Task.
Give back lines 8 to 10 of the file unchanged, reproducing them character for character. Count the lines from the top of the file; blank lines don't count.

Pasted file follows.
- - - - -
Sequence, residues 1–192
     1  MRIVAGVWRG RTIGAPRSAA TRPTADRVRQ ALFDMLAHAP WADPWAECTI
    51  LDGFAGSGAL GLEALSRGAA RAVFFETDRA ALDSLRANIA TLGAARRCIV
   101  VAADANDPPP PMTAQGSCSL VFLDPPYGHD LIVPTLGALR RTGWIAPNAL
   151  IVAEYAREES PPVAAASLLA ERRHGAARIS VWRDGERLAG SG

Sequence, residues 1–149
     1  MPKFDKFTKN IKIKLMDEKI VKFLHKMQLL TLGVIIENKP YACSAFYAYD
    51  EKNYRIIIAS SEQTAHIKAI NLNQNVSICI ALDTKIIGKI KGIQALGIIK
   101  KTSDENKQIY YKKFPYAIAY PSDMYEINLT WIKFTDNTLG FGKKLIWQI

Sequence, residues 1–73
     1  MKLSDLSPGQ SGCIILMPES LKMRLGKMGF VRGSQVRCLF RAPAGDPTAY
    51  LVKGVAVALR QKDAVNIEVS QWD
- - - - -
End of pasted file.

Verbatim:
    51  EKNYRIIIAS SEQTAHIKAI NLNQNVSICI ALDTKIIGKI KGIQALGIIK
   101  KTSDENKQIY YKKFPYAIAY PSDMYEINLT WIKFTDNTLG FGKKLIWQI

Sequence, residues 1–73